Whether they actually painted themselves for battle, tattooed themselves in other ways, or held none of those traditions is more unclear. Although the connection between the two cultures is there, the lack of strong evidence about Pict body painting traditions makes them a questionable origin for any Viking corollaries.
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How did Vikings make face paint?
The most likely source of Viking face paint is kohl, also known as kajal in South Asian regions. Minerals of a dark color were ground into a fine powder that adhered to the skin with a simple spread. The primary elements were either lead-based or antimony-based.
However, other ingredients like soot from nuts were mixed into the powder for additional effects and to extend the amount.
Whether the Vikings followed this recipe, used their own variation, or traded for existing kohl is unclear. Galena, the primary ore of lead-based kohl, was coming up from Roman mining operations in modern-day Spain well before Caesar made his way to Britain. Its general use ventures back thousands of years, so pinning down one source or formula is difficult without first-hand accounts or more discovered artifacts.
What other face paints did Vikings use?
Some Vikings may have used a preparation of henbane, a plant in the nightshade family that would later earn the name belladonna due to its use by Italians as a dangerous cosmetic. Seeds of the plant and a white lead powder similar to kohl were discovered with the remains of a seeress. If mixed together as an ocular cosmetic and ritual agent, they would activate a potent if risky mix of effects that could be seen as a mystical trance.
The belladonnas knew that belladonna drops would make their pupils dilate, enhancing their appeal when staring into a suitor’s eyes. The seeress may have been using it for similar purposes, but it is just as likely that it was incorporated into other rituals or purposes. Some scholars have suggested Hensbane as the source of the notorious berserker rage of Viking warriors, so why she possessed it remains unclear. Either way, it shows that Viking face paint for females was definitely a thing.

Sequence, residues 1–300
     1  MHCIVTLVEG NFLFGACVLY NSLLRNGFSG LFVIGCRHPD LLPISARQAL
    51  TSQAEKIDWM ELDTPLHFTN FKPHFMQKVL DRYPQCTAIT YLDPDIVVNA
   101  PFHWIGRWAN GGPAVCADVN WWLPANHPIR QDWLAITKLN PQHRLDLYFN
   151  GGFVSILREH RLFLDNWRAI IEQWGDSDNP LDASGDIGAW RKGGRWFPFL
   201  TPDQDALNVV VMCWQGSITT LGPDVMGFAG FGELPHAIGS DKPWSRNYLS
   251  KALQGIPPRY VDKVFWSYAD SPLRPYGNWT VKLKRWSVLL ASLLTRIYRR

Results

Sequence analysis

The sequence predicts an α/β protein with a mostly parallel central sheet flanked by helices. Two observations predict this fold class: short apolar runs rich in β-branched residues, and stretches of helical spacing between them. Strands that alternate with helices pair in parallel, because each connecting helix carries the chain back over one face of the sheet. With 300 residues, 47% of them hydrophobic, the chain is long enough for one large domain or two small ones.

In particular rituals, Vikings were also known to cover themselves from head to toe in blood.
Why did Vikings put blood on their faces?
Like many early religious traditions, Vikings included blood as a ritual sacrifice ingredient. These Blóts involved sprays of blood from animals and using the blood as paint across the body – including the face. The sacrificed animals were cooked while the ritual partakers shared in the bounty and pledged to undertake great adventures.
These blót rituals took place throughout the major seasonal moments throughout the year and when dire events were occurring. Since an upcoming battle might be an event worthy of a blót, it is possible that some Vikings may have had blood on their faces before their battles began.
How much do we know about Viking cosmetic traditions?
Many of the answers in this article will have large caveats. The Viking Age began just before the 800s, marked by the raid on the church at Lindisfarne in 793, and their own history was a mix of oral stories and poetry with little written or preserved. Some stories survived through these oral traditions, eventually becoming written down after many potential changes to the stories.
Archaeological finds support accepted facts like the Vikings’ tendency to groom their hair and bodies (including the possibility that Vikings had braided hair). With the number of discovered combs, historians can piece together the past just based on their composition and spread.
While the nearby residents of the British Isles did have monks practicing written history, the Vikings targeted these monasteries for raids due to their seclusion and value. Christian accounts therefore focus on the barbarous nature of the Vikings, even after the Vikings adopted Christianity. Like the oral traditions, many of the early stories were not written down until later.
That leaves scholars looking to other sources of contemporary accounts for Viking culture.
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What are the best written sources of Viking face painting history?
The best early written history of the Vikings comes from Islamic scholars, traders, and explorers. At the time, Spain was a part of the Islamic world, so Norse raiders and traders sailing along the coast had a ready point of contact. Despite an early Viking raid targeting the settlement of Seville in Spain, the Norsemen developed trading relationships with these far-off groups.
This allowed more insightful looks into Viking culture than the Christian monks, who understandably viewed the Vikings through the lens of their hostility. The two cultures also shared trading points due to the Vikings’ wide venturing range into Eastern Europe down rivers from the Baltic towards the Black and Caspian Seas. Volga Bulgaria was one such meeting point, the location eventually becoming the modern day republic of Tatarstan within the Russian federation.
Aḥmad ibn Faḍlān ibn al-Abbās ibn Rāšid ibn Ḥammād, frequently shortened to Ahmad ibn Fadlan, spent much time traveling with and writing about a group of Vikings and various Slavic persons who may have joined or been enslaved to the party. His writings were actually a key inspiration for Michael Crichton’s Eaters of the Dead plus its movie adaptation, The 13th Warrior.